-Hi there, I'm David Katzmaier, senior editor at CNET, and I'm sitting next to the Panasonic TC-PST30.
This is a 50-inch plasma.
This TV also comes in 5 other screen sizes ranging from 42 to 65 inches.
This TV set right in the middle of Panasonic's line up.
When I first heard about it, I kind of tagged it as the best looking best looking bang for the buck in terms of having the best features at the best price according to their initial announcements and since I've the chance to test it, it's pretty much worn out.
It's an excellent value at its price point ensuing the picture quality.
Start up with the design with now, which is actually this TV's low point, it's pretty generic when compared to a lot of other TVs out there.
You will notice that it edged around.
The screen itself is relatively wide.
It's glossy black.
It also got this strange sort of finish behind the glossy black that seems like a little bit of a smudge.
The standard swivel, however, and it's really not totally obtrusive looking TV, but will blend in the most of course.
I think about the set is a little bit thicker than a lot sof other plasmas and LCDs on the market
But of course, when you hang them on the wall or gonna stand, it doesn't seem that good.
Panasonic included its Viera connect internet suite with this television.
That means, in addition to Netflex and amazon video on the demands and some of those standards, you also get access to a bunch of apps on the Viera market place and really did like the design of this particular internet suite.
It's a lot less complex than some of the ones you seen and it does allow you to customize the tiles on the home page to your [unk] content.
Now the next option Panasonic throws in is this dongle for Wi-Fi connection.
Wi-Fi isn't built into the TV.
With the dongle, you basically get the same thing, although it does pick with a USB ports.
Around back, connectivity is a little skimpier than some other TVs that should be playing for most folks.
It's got 2 HDMI on the back, a 3rd on the side in addition to the component input.
There's no PC input, however, so if you wanna connect an analog PC to this television, you're out of luck.
Now, the feature on this television is 3D capability.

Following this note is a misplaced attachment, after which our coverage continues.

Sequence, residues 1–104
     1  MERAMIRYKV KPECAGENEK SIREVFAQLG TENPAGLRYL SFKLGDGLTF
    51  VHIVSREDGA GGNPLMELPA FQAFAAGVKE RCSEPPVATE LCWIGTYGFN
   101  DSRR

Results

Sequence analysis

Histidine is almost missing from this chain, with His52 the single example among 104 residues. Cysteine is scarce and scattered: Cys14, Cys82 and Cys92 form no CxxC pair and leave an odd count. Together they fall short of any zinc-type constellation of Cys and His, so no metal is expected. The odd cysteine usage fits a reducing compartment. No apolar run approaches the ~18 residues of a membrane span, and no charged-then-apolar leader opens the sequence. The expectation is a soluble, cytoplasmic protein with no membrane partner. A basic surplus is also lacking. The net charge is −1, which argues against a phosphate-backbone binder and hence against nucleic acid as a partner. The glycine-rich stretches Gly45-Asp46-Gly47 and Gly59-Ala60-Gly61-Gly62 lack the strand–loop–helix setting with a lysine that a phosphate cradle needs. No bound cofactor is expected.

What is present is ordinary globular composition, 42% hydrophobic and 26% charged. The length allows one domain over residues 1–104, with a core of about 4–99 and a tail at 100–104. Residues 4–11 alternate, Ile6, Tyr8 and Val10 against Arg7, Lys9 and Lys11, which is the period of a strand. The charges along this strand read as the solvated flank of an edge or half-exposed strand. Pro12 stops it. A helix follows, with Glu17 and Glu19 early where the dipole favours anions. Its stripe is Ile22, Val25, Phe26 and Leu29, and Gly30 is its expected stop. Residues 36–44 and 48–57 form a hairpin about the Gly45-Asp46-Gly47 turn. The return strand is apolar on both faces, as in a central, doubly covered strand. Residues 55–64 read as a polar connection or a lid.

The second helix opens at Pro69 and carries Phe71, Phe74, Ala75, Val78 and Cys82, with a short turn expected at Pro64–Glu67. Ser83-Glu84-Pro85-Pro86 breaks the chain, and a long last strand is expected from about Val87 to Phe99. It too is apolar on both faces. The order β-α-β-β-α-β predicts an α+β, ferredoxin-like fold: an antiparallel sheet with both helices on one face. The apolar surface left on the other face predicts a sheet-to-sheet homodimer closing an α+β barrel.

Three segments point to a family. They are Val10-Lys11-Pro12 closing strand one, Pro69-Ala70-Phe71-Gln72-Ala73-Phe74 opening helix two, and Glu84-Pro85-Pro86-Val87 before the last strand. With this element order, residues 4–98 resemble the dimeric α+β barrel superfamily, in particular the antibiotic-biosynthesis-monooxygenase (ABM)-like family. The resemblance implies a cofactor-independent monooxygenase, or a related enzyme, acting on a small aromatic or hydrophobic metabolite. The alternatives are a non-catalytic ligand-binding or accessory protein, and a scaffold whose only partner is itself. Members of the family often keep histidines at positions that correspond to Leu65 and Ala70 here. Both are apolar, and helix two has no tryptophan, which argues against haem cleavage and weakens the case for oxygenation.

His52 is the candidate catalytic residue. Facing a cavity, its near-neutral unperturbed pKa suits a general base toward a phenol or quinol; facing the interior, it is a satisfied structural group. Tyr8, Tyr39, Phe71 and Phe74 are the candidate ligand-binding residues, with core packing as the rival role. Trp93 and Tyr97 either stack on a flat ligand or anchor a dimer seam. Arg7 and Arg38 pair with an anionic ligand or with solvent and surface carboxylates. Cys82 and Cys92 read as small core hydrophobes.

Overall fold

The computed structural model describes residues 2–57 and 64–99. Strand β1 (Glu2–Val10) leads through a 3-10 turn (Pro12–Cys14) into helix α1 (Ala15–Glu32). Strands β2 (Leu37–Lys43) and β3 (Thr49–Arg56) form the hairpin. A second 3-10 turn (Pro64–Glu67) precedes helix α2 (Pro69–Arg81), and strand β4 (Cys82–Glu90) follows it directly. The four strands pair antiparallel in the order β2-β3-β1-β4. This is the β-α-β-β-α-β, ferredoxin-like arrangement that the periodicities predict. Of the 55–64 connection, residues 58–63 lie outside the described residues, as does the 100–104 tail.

It is the least expensive Panasonic Plasma with that capability.
Panasonic does not include any glasses with this television unlike Samsung for example that does include 2 pairs.
Later in the year, we might expect the Panasonic to throw in some free glasses to the set, but right now, there's no such bundle, and the glasses cost hefty 150 bucks a piece.
Although the ST30 is a mid range model, we its performance excellent overall, lacks the THX mode of the step up GT30 series, but this actually got very good performance in its standard cinema mode.
It catches the cinema's relatively dim, so of course if you have bright lights and then you're gonna use another picture modes that like custom; it's a lot less accurate.
I told this TV has excellent black labels and video processing is pretty good.
We actually appreciate that it handles 1080p24 content even though it only serves as 600 Hz TV, so that's really nice for film boost.
On the flip side, the color wasn't quite as accurate as like you see and it's also little bit less saturated, so it lacks a little bit of punch in the cinema mode, but again it is the most accurate of TVs presets.
Panasonic could have cured that by throwing in a few more picture adjustments, which we really wish the company would have, but I told this TV performance is very well otherwise.
That's the quick look at the Panasonic TC-PST30, and I'm David Katzmaier.
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